25 July, 2018 was the day when Pakistan Tehreek-e-Insaf, led by Imran Khan, outclassed all other parties and won Pakistan’s general elections. Not long after that, Khan took oath as the 22nd Prime Minister of Pakistan. Two years since then, the premiere has faced a lot of criticism, and has been labelled a ‘failure’.
Here are 5 reasons why it’s too early to call Imran Khan a failure:
- Just the start of the innings
Pakistanis can be hard to decode sometimes. They sell their votes for a plate of biryani and then remain silent for the next 5 years before the cycle repeats itself. Now that they think the 2018 general elections was rigged, they’ve started demanding within 2 years what they never have in the past 70 years. Isn’t it too much to expect from someone who struggled for 22 years to get here and has only spent a couple of them in office?
- Finding the perfect combination
Has he not been trying? Has he not been changing his cabinet every now and then? It appears like he’s still in search for the best candidates out there. What’s his biggest obstacle? Pakistanis themselves as people force him to reverse his decisions because of religious reasons. What they focus on is that the person belongs to a minority, not the fact that he is a PhD from MIT and a world class economist.
- Playing it safe at the back foot
If asked about what good governments do, most Pakistanis would respond building roads, bridges, underpasses and providing good infrastructure. Little do they know about the more important or less tangible priorities of a government which include economic stability, management of internal and external debts, imports and exports, trade deficits and so much more. Had previous governments invested in education, good roads would not have been the only indicator of a successful government.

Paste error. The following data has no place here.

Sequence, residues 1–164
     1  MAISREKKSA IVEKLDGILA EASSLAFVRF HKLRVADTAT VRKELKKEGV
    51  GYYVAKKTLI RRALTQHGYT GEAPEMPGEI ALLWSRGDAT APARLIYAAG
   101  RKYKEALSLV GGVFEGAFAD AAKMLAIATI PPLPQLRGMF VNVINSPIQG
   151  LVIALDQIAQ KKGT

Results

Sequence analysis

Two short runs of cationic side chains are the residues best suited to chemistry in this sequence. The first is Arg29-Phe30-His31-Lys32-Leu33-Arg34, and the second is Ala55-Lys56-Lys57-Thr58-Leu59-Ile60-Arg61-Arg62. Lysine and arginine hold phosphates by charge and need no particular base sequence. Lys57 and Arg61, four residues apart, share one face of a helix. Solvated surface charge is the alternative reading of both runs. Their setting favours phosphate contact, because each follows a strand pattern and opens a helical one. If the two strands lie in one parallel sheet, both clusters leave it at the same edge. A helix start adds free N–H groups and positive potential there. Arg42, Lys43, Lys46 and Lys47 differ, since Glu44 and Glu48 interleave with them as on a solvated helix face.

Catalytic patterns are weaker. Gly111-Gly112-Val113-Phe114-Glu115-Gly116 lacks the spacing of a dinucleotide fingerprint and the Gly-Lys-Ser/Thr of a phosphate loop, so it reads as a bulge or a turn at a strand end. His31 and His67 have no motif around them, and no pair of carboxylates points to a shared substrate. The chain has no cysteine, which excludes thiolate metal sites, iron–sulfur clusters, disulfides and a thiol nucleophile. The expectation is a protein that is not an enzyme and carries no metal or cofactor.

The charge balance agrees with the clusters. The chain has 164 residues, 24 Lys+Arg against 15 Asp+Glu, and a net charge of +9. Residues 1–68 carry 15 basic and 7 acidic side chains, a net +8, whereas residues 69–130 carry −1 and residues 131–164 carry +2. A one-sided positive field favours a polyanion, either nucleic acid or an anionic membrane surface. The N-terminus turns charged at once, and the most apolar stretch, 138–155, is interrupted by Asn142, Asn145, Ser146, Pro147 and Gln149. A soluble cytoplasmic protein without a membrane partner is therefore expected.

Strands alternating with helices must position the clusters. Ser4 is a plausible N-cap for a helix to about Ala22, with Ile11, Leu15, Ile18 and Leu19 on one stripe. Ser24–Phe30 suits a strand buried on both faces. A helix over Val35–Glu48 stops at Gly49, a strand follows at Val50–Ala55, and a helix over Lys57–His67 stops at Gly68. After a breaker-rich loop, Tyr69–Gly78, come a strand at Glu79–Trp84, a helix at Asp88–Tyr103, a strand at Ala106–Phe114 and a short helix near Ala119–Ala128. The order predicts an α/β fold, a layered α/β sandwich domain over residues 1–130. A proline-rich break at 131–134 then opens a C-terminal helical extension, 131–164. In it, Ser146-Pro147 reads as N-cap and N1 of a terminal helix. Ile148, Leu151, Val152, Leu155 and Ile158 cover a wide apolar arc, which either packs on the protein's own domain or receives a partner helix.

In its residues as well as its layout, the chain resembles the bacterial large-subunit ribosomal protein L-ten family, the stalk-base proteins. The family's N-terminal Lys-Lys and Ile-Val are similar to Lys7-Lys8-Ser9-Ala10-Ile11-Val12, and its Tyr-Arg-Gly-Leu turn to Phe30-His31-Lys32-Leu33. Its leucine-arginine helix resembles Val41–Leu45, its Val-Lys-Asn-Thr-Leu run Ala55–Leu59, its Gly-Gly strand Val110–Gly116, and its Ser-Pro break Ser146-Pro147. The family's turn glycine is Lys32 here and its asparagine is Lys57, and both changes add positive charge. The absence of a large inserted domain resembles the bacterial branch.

- Lack of appreciation
It’s high time we stop playing the role of a hypocrite; criticising him for his mistakes and remaining silent on his achievements. A record amount of debt has been paid off in these two years. Any media coverage? No. Record amount of tax has been collected in his tenure. Any newspaper stories to cover this? No. The Foreign Ministry has done wonders and the world now sees Pakistan like it never has before. What about the billion tree tsunami? The initiative received global appreciation but none at home. What about the Ministry of Science and Technology? It feels bad when you see memes being made on the most hardworking ministers.
- Cornered Tiger
Be it the 1992 Cricket World Cup, the inauguration of Shaukat Khanum Cancer Memorial Hospital in 1994 or laying of the foundation of National University of ModernLanguages in Islamabad, Imran Khan has at always successfully dealt with mounting pressure. Not that running a country is similar to playing a World Cup, but it’s about how one deals with pressure. Let’s be hopeful that he makes his way out of this and serves the nation another major win.